Paul Ferguson, advanced threats researcher at Trend Micro, said in a company blog that so-called 'hacktivist' attacks have become increasingly common and more dangerous in recent years.
"While most of the cyber-crime activities conducted on the internet are being driven by financial incentives, there also appears to be type of malicious activity being driven by other motivations altogether," Ferguson wrote.
The researcher noted the major attacks in Estonia last year, as well as a recent incident in which sites for Radio Free Europe were flooded with hits during coverage of a rally in Belarus for victims of the Chernobyl disaster.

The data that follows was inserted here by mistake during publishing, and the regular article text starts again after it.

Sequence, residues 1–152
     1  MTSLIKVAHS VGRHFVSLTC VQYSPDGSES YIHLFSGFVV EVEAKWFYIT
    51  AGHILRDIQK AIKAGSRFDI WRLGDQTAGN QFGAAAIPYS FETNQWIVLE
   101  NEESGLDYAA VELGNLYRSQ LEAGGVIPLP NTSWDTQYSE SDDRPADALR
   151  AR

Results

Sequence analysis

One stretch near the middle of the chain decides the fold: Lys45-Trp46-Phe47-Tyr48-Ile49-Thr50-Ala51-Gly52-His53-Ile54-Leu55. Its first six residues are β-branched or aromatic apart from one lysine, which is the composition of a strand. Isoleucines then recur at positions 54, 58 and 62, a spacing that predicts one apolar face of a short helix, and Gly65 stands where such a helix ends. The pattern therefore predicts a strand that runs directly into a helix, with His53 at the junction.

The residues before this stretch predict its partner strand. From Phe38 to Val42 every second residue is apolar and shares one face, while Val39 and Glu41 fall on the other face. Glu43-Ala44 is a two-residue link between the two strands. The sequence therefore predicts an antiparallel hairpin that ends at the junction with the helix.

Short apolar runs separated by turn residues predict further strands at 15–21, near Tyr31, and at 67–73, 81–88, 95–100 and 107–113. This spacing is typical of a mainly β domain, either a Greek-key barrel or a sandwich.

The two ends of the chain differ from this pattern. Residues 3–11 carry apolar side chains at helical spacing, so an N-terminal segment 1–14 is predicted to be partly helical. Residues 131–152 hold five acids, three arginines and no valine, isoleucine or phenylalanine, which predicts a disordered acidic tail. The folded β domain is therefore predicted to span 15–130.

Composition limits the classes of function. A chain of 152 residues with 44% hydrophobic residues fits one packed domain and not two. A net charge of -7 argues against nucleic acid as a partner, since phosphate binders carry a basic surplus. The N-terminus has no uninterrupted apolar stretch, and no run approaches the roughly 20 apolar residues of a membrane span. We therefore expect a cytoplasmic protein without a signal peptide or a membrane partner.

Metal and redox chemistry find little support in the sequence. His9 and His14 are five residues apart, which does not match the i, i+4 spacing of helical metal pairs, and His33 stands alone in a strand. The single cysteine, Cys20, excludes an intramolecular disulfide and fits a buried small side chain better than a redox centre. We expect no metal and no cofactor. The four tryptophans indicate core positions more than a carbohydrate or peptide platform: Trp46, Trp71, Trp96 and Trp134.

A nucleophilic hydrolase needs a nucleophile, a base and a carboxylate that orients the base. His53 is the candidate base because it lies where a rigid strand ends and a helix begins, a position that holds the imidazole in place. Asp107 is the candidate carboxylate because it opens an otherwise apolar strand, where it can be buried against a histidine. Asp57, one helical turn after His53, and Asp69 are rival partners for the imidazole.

Ferguson is not the only security expert to note such a trend. McAfee reported a similar rise in hacktivist activities last week following an attack on CNN by Chinese nationalist hackers.
The concept of hacktivism goes back more than 20 years, but a changing internet climate seems to be making the attacks more dangerous and effective.
"Incidents of hacktivism are not new, but they are beginning to become a lot more frequent," wrote Ferguson.
"This is perhaps due to the availability of tools, but also to the ubiquitous social networking mechanisms which can now be used to build consensus when times of cultural or political unrest present the opportunity."